S.C. court offers guidance on admitting police dog tracking evidence
By Fred Horlbeck
South Carolina Lawyers Weekly
Case name: State v. White (South Carolina Lawyers Weekly No. 010-073-09, 7 pages)
Court: S.C. Supreme Court
Judge: Justice John W. Kittredge
Attorneys: For defendant-petitioner: Appellate Defender LaNelle C. DuRant, S.C. Commission on Indigent Defense, of Columbia. For plaintiff-respondent: Attorney General Henry Dargan McMaster, Chief Deputy Attorney General John W. McIntosh, Assistant Deputy Attorney General Salley W. Elliott, Senior Assistant Attorney General Harold M. Coombs Jr., and Fifth Circuit Solicitor Warren Blair Giese; all of Columbia.
Issue: Did a trial court have a duty to assess the reliability of nonscientific expert testimony under Rule of Evidence 702 and did it properly admit police dog tracking evidence?
Holding: Yes, trial courts have a duty to assess the reliability of evidence including nonscientific expert testimony as part of a threshold inquiry for admissibility under Rule 702. In this case, the dog tracking evidence was properly admitted because the dog was a German shepherd descended from known police and working dogs and had certifications in several areas of tracking. Its strongest tracking skill was locating people. Also, the dog and its handler had worked together for seven years and had conducted about 750 "tracks. "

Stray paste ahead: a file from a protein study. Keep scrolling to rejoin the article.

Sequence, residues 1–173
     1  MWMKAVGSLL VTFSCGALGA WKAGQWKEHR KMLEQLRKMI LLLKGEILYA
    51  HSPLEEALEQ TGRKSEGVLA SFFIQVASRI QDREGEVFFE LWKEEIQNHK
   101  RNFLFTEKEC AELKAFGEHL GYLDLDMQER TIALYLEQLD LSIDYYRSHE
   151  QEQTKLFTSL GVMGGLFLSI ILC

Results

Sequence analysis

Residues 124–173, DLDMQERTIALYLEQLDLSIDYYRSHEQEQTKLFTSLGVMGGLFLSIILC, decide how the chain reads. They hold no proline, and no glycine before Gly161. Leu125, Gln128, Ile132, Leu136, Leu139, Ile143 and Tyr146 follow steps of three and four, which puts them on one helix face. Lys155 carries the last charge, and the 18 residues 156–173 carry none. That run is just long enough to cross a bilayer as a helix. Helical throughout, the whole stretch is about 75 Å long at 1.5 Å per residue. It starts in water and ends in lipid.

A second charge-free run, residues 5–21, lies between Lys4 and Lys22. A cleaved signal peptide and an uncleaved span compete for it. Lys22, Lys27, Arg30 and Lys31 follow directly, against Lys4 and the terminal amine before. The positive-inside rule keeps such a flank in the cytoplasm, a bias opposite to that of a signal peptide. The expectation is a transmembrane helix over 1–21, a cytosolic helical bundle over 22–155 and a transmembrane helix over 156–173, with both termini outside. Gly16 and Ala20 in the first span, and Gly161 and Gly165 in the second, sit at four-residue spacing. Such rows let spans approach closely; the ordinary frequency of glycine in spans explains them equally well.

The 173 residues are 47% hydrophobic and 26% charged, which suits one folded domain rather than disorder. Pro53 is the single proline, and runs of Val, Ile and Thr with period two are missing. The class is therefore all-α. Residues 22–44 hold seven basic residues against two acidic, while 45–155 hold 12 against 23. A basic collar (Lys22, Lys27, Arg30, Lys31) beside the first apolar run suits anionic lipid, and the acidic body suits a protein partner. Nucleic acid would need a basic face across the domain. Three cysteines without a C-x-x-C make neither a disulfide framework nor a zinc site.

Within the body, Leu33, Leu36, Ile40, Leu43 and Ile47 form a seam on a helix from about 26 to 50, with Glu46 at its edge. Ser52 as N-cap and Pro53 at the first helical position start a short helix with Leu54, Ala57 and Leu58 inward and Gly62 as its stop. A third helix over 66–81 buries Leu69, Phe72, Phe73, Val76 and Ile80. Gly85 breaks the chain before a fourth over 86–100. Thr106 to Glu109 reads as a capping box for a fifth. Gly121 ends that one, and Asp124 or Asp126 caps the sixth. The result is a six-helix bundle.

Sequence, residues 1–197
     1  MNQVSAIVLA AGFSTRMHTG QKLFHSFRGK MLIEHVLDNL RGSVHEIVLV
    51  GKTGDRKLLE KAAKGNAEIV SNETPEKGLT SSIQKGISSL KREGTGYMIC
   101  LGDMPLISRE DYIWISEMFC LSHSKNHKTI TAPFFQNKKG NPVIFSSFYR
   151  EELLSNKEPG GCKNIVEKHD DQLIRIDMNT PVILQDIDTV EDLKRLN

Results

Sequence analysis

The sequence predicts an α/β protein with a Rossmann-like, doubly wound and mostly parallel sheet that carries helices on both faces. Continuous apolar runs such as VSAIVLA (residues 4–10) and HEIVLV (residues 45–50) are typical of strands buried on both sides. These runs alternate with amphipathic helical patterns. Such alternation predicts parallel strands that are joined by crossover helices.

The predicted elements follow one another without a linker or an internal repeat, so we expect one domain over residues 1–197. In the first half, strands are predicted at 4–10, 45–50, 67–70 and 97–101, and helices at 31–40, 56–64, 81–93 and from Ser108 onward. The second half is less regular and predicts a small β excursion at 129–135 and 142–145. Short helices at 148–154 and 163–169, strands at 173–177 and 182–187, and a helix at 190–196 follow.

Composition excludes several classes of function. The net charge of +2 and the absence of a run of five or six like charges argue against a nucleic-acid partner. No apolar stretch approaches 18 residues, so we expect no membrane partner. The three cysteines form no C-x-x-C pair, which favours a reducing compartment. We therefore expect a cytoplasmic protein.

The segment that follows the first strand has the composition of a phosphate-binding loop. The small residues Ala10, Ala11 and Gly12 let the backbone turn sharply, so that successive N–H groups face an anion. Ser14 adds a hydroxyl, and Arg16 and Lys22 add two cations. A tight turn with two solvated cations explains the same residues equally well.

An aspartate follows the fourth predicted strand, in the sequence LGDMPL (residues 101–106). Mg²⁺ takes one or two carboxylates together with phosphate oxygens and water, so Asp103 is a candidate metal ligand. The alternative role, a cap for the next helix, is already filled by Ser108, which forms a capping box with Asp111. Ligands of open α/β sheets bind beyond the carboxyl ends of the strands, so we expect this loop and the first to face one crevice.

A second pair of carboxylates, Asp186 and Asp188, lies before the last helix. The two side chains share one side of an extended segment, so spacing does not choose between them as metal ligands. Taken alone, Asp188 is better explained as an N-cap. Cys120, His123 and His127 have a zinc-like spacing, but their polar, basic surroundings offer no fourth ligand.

Potential impact: The case marks the first time the state Supreme Court has set guidelines for trials to use in determining the reliability of dog tracking evidence.
RICHLAND COUNTY, S.C. — A dispute over police dog tracking evidence has led the state Supreme Court to provide the first-ever guidelines for trial courts to use in determining whether such evidence is reliable.